I'll set up the wallpaper tray for a formal all-parts metal rescue bath. Next up, removing the butt plate screws, extracting the rear sight screw end, and finishing the reshaping on the main level.

Forgot to add that I need to replace the front sight vertical piece. Is it also German steel? Shows as being braised, as I believe that's what Jobe or Johan mentioned in my Sharps thread. Would propane torch heat be enough to dislodge it?

Rifling looks beautiful (3 grooved) for an old plugged up piece of CW history. Few more pics I'll take tonight and upload.

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April 22, 2018

Tang screw head only broke open with my extractor bits. Spent 15 min hemmering gently a small nail punch to break up the head pieces. Used three increasing size drill bits in tandem with the extractor. Never had luck using the extractors' drill ends.

Second screw did come out with bits and extractor. I'll caliper the specs on the screw. Next task will be to find other rifle/carbine screws to match.

Tried CRC freeze-off but doubt any help. Me thinks these screws, butt plate are all original. Why else would these screws be the most difficult to remove, even after soaking the entire butt plate area in pb blaster for a day?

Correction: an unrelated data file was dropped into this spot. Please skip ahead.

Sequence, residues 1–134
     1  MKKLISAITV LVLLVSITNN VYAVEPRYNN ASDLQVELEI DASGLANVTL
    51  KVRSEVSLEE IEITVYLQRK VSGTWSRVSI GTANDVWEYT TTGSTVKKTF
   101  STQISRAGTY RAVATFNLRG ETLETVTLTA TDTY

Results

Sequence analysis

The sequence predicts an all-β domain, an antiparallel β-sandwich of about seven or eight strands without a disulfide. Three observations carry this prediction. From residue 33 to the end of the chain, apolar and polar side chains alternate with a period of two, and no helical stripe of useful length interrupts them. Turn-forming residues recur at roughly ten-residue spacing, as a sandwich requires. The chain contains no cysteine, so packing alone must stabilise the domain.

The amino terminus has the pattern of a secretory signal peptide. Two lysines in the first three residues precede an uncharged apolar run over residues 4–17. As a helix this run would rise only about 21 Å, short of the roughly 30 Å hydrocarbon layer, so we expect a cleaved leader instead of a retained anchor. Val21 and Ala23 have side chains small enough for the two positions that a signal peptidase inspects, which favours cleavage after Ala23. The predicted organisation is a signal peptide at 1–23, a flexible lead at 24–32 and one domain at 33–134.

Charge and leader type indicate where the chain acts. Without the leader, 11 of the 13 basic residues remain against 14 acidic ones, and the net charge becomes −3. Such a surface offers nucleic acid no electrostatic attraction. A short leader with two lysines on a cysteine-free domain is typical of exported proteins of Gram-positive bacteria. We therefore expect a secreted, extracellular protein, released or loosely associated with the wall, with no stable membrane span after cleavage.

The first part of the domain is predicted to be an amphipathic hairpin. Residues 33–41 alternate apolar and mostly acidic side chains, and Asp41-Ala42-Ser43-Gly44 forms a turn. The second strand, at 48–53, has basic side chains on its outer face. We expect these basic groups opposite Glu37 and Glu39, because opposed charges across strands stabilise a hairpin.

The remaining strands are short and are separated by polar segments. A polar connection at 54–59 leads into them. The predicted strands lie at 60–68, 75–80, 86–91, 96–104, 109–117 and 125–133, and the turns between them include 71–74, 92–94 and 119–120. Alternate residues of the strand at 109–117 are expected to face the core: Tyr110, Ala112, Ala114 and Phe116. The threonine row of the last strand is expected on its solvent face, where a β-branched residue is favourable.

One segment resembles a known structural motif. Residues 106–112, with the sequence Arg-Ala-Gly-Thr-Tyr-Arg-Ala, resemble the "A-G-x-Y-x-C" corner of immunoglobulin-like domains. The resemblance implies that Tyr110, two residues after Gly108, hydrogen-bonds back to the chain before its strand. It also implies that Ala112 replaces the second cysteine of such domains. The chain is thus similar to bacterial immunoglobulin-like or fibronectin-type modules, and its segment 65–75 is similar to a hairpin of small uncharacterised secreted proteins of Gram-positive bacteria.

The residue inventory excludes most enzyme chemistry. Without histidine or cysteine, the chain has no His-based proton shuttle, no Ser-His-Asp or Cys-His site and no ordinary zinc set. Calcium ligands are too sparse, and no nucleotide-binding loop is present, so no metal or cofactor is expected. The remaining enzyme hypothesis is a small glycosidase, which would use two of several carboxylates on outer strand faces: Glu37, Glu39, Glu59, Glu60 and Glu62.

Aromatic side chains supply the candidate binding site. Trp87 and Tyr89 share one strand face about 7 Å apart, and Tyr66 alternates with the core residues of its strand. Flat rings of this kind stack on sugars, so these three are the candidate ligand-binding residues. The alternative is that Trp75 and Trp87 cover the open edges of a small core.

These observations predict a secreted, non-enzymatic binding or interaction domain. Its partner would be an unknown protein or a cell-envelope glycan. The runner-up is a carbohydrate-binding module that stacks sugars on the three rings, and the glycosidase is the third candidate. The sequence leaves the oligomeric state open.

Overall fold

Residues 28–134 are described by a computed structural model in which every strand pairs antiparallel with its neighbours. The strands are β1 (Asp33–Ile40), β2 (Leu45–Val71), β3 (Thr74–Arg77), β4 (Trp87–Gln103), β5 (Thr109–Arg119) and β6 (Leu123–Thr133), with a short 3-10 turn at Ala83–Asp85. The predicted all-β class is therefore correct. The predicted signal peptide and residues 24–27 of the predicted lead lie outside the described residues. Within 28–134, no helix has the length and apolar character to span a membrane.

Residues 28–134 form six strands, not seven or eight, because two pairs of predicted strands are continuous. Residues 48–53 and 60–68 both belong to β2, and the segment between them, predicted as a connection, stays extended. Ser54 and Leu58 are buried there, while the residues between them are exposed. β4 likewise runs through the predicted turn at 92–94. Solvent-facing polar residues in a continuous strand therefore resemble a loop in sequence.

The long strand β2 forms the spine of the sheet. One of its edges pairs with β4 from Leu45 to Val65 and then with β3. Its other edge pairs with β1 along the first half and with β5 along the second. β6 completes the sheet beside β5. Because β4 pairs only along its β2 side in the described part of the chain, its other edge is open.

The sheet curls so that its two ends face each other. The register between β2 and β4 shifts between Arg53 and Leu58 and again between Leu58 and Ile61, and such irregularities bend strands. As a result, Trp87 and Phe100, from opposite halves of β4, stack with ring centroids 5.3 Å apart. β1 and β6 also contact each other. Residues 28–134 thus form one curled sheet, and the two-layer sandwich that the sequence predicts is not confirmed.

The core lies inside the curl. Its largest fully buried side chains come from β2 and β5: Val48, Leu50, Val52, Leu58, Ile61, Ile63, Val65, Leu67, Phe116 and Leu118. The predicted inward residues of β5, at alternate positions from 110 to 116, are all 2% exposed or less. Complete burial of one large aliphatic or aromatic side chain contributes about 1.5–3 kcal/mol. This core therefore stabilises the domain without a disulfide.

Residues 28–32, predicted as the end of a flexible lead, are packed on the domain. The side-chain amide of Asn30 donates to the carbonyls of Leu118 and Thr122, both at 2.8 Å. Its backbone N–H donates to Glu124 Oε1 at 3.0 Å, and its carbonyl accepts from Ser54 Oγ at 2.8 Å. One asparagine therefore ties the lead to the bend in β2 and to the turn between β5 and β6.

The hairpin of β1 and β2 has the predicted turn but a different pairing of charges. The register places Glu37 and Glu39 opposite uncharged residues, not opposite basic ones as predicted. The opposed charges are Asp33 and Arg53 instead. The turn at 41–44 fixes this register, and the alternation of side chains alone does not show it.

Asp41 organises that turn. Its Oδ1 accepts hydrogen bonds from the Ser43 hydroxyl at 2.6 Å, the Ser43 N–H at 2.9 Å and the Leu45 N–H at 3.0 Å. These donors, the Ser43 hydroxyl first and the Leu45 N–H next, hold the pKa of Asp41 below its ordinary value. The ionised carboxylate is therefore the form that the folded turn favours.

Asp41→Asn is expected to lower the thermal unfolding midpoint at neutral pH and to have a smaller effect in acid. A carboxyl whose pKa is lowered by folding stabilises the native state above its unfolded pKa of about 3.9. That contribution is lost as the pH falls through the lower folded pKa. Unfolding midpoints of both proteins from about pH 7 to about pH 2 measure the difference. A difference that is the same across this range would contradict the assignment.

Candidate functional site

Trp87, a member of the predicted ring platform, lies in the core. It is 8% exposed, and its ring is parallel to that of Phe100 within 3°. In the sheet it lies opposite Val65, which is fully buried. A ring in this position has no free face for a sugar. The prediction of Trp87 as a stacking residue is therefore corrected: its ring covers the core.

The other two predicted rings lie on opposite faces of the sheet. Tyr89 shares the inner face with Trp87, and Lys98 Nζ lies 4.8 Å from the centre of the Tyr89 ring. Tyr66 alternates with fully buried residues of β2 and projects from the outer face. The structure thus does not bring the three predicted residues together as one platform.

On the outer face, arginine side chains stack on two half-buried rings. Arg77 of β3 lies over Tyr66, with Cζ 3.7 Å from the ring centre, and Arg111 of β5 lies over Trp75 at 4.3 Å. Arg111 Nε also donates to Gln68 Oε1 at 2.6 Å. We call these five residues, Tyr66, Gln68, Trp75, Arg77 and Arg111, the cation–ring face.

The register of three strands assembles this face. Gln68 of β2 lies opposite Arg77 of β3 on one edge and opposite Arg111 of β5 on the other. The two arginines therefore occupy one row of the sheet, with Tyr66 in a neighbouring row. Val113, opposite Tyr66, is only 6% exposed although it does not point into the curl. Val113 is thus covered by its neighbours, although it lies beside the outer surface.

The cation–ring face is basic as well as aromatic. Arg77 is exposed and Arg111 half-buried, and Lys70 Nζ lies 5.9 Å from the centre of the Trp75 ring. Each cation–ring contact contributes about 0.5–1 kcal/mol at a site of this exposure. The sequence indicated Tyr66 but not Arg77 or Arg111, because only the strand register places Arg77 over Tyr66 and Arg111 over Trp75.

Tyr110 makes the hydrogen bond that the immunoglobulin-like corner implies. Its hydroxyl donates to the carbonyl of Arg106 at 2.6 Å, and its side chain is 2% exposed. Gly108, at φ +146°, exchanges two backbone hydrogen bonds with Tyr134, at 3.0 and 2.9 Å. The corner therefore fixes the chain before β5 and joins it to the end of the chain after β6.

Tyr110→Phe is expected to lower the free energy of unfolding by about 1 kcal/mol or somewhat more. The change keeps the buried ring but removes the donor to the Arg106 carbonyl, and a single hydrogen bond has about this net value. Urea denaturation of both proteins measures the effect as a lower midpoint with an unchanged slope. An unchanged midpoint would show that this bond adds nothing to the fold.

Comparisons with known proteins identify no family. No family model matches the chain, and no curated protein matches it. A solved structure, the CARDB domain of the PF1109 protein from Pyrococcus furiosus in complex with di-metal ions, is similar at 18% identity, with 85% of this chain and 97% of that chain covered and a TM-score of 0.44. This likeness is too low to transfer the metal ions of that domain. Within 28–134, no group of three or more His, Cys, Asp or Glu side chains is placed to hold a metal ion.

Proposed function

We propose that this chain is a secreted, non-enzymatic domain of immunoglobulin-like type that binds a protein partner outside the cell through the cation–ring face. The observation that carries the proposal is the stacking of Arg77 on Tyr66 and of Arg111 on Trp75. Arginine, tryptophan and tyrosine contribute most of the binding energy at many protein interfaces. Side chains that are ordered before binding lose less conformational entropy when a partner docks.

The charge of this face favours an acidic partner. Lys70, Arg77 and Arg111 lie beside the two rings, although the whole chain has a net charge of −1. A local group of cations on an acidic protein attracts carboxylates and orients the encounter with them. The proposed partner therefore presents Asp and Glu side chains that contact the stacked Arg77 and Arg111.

Surprised when I looked at the backside of the buttplate. Looked like the inside area that didn't touch the stock wood had a copper look to it. Also, with my 40x magnifier I saw several micro cuts maybe from some finishing blade going left to right.

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Head diameter 13/32"

Screw length 1 20/64"

Thread diameter 17/64"

Thread length 15/16"

Thread count 8

 

Guess my thread on civilwartalkcom stopped after working on the buttplate.  Below is my effort to remove the broken rear sight screw.  I bought a reproduction 3rd type rear sight from SS Firearms, but the slight damage to the barrel female thread was too much for the tiny screw to grip.  I used JB Weld and doubt it’ll come loose.  I then realized why there were comments recorded by officers during the Civil War that the rear sights broke off.

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About the last thing I did was to seal a harline crack in the stock from the front of the bolster cutout area  a few inches to the rear.  I picked up two or three types of wood sealants from Home Depot that I thought would have the right “fluidity” to seep into the crack from above, but was a waste of money.  I pulled out one of my Ace Hardware-purchased superglue micro-minitubes and did the trick just beautifully.  No trace of gluing at all.